Endodontic or root canal treatment is needed when the pulp is inflamed or infected. The causes for this may be different: deep tooth decay, leaky fillings, crack or chip in the tooth, injury (even if there is no visible damage in the tooth) also sometimes a condition known as necrotic tooth. Gum diseases can also accelerate root canal problems. Timely treatment helps save the aesthetics of your smile as well as normal biting force and sensation. The root canal treatment is similar to a routine filling procedure and is usually performed in one-three visits, depending on your circumstances.
When Do You Need Root Canal Treatment?
Before starting the treatment, you should have a thorough dental examination with X-rays. Root canal treatment may be necessary only when a pulp is damaged by bacterial infection. Some symptoms of pulp infection include:
- Pain and increased sensitivity when drinking or eating cold/hot
- Pain when chewing or biting
- A loose tooth
- Gum swelling near the area of infected tooth
- Oozing from the infected tooth
- Necrotic tooth leading to an abscess
Are There Any Alternatives to Root Canal Treatment?
An alternative way to stop infection is tooth extraction. Though some people prefer having a tooth out, we recommend keeping as many natural teeth as possible. Tooth removal should be the last extreme measure. Removing the tooth means the gap that should be replaced by an artificial tooth. If left untreated, the tooth pulp dies and the symptoms usually disappear. It may seem that your tooth is healed, however, the bacteria continue spreading in your mouth. Over the time, pus can build up at the root tip creating an abscess. An abscess, in turn, may destroy the bone that surrounds the infected tooth. The pulp can’t heal by itself. Delaying the treatment can make it impossible for your dentist to save your tooth.
Are There Any Risks in Root Canal Treatment?
Like any other dental procedure, a root canal treatment poses some risks. Potential complications may need additional treatment. However, these are rare occasions. Root canal treatment has a high success rate: 9 of 10 treated teeth last up to 10 years or longer after the procedure, if the treatment is done by root canal specialist aka Endodontist. All of our root canals are done by our in office root canal specialist (endodontist). Pain and infection may happen over some time after the treatment. Usually, it happens due to deep decay, injury or cracked filling. In case the infection comes back, the treatment may be repeated.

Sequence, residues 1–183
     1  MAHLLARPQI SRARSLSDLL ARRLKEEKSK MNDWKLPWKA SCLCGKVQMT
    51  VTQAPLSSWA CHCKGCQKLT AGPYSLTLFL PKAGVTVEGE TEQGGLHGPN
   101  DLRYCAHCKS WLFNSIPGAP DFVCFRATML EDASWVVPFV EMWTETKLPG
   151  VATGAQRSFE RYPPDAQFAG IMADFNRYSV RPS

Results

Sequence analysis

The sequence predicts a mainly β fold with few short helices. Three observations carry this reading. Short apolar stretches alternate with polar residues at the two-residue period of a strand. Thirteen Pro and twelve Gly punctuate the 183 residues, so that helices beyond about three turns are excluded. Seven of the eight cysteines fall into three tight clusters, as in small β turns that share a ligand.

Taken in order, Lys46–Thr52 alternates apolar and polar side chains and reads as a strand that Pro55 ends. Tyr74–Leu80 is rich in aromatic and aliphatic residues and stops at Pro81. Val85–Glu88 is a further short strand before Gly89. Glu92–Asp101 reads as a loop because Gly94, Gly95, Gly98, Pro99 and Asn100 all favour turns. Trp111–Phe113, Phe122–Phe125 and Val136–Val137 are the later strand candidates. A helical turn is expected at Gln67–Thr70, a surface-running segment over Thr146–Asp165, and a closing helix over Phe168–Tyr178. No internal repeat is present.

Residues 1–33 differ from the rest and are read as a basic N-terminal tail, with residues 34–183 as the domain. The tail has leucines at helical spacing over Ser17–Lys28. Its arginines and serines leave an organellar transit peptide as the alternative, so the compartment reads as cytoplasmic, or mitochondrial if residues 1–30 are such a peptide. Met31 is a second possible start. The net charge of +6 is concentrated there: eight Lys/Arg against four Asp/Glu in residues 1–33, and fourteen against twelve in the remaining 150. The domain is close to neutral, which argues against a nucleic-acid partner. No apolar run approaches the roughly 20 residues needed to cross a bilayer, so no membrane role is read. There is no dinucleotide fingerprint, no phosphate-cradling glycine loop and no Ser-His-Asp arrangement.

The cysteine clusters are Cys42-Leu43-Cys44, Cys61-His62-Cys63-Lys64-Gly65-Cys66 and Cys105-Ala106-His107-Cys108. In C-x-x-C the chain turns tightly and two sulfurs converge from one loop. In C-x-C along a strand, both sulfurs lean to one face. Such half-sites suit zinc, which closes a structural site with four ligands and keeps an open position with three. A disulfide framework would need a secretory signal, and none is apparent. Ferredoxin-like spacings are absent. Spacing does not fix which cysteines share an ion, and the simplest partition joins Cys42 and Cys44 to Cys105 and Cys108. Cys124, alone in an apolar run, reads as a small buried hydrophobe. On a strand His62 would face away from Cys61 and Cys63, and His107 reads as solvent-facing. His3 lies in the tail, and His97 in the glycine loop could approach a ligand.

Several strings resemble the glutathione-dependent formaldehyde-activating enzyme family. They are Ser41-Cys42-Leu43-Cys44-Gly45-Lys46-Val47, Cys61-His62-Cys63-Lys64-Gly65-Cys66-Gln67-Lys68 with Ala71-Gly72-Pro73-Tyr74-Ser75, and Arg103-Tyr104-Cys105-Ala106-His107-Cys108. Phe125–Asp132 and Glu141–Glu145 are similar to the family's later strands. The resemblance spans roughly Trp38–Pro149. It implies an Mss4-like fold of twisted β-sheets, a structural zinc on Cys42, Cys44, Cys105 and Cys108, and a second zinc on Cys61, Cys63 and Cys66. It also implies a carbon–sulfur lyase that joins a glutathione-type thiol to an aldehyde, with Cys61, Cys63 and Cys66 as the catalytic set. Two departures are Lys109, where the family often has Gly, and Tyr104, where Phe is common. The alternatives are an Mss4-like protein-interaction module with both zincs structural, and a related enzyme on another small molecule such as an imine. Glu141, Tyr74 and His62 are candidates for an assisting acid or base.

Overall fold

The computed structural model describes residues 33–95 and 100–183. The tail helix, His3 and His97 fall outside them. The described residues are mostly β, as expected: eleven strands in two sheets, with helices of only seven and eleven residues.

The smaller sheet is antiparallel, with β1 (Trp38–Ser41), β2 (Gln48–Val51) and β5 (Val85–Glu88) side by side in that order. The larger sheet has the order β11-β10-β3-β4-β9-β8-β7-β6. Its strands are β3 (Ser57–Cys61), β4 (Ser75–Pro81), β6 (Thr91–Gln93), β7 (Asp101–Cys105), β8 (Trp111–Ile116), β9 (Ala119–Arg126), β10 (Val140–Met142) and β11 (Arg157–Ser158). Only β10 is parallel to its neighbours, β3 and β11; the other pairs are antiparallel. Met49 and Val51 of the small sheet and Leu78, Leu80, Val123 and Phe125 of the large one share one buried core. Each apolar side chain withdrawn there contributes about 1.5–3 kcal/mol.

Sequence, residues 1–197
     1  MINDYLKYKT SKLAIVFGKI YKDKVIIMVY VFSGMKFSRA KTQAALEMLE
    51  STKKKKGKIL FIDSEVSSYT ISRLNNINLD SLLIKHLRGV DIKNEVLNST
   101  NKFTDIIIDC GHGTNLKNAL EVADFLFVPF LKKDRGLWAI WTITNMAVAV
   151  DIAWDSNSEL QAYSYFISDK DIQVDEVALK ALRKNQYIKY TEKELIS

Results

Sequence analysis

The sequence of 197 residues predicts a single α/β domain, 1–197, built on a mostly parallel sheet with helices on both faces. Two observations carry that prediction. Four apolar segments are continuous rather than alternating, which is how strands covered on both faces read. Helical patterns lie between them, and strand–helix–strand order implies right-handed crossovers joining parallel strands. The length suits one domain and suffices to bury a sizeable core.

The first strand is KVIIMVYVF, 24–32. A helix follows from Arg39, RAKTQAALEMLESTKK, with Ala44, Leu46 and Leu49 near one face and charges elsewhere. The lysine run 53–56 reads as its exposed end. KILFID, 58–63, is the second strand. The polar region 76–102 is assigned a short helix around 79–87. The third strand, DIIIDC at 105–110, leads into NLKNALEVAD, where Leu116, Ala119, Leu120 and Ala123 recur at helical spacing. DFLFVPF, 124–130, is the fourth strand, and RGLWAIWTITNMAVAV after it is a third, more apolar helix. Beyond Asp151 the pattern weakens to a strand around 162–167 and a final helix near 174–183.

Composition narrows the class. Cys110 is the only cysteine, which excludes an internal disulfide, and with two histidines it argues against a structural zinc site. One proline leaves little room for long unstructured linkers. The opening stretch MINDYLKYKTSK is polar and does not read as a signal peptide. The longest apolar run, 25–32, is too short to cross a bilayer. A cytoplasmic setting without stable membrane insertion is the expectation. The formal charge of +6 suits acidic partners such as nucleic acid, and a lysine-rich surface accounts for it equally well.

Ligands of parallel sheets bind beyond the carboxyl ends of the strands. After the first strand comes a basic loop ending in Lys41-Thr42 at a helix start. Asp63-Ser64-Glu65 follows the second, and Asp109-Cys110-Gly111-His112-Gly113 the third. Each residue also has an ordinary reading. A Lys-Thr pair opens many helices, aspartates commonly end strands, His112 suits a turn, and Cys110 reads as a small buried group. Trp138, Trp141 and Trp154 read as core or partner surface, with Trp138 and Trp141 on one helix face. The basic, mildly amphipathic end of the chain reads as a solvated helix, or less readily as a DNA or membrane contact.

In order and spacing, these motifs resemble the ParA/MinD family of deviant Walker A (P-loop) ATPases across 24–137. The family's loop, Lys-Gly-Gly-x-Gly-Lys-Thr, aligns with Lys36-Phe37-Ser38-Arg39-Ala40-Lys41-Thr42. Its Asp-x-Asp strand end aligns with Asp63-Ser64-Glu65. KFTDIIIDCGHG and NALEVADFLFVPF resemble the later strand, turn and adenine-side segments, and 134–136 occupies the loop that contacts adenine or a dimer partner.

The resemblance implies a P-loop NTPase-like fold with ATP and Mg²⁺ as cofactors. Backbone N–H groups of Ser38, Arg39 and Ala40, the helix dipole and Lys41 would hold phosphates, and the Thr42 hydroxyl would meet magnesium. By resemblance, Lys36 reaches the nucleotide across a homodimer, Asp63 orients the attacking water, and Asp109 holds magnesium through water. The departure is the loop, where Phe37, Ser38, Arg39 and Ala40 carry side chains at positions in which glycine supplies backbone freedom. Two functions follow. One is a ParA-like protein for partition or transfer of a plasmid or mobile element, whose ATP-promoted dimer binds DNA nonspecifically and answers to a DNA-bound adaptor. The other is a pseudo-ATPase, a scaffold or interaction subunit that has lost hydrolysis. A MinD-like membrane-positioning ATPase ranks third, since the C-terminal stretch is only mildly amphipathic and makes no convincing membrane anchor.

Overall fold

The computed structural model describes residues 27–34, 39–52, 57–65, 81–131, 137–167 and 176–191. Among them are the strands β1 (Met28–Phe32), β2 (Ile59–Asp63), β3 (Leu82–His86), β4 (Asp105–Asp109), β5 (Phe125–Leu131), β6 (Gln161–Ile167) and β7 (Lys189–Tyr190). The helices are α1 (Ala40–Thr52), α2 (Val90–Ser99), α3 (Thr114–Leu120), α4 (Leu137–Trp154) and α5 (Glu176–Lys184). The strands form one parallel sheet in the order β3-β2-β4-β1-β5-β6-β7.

What Will the Restored Tooth Look Like after Root Canal?
In the past, a root-filled tooth usually became darker after treatment. Today, with new techniques, the restored tooth looks cosmetically pleasant and functions like any other teeth. In case of any minor discoloration, a natural tooth appearance may be easily restored with the help of several procedures. As a dead tooth is more fragile, you will need a good ceramic crown to provide support and strength to your tooth.
How Root Canal Treatment Is Performed?
- Getting Started
In order to treat infection in the root canal, the bacteria have to be removed. This procedure is performed under the local anesthetic, so it won’t be painful and not more unpleasant than having a simple filling. First, the specialist will remove decay and make a small hole in the tooth crown to get access to the pulp with a assist of special microscope for a very conservative access to the tooth. Then, the infected pulp will be removed.
The pulp chamber and root canals need to be carefully cleaned of infection. The tooth can be left open to drain for some days. If infection has already spread, you may need to take prescribed antibiotics. In case the treatment requires several appointments, the dentist will place you a temporary filling to protect the tooth. Your task is to avoid biting or chewing on this tooth until the whole treatment is completed.
When your tooth is free of infection, it is time to fill the root canals and pulp chamber. In most cases the inflamed area near the tooth heals naturally. If you had a temporary filling, it will be removed to allow access to the inside of the tooth. A special dental paste, a rubber compound and an adhesive filling are used to fill the tooth.
The last stage of root canal treatment is tooth restoration. Usually, an infected tooth has a large filling and has to be protected from future damages. A crown is placed on the tooth, sometimes supported by a metal post.
Root Canal Aftercare
It is important to look after your teeth during the recovery stage. Avoid biting on hard foods and consuming drinks and food of extreme temperatures. First weeks after treatment, the restored tooth may be tender to cold and hot. Take over-the-counter pain-killers to ease the pain and discomfort. Severe pain and swelling are not common aftereffects. If they happen, immediately call your dentist. After root canal treatment you are still susceptible to tooth decay and gum diseases. It is possible to prevent the need for further root canal treatment by keeping proper oral hygiene, limiting sugary food and beverages in your diet, giving up smoking if you smoke. With good home care, the restoration can last a lifetime.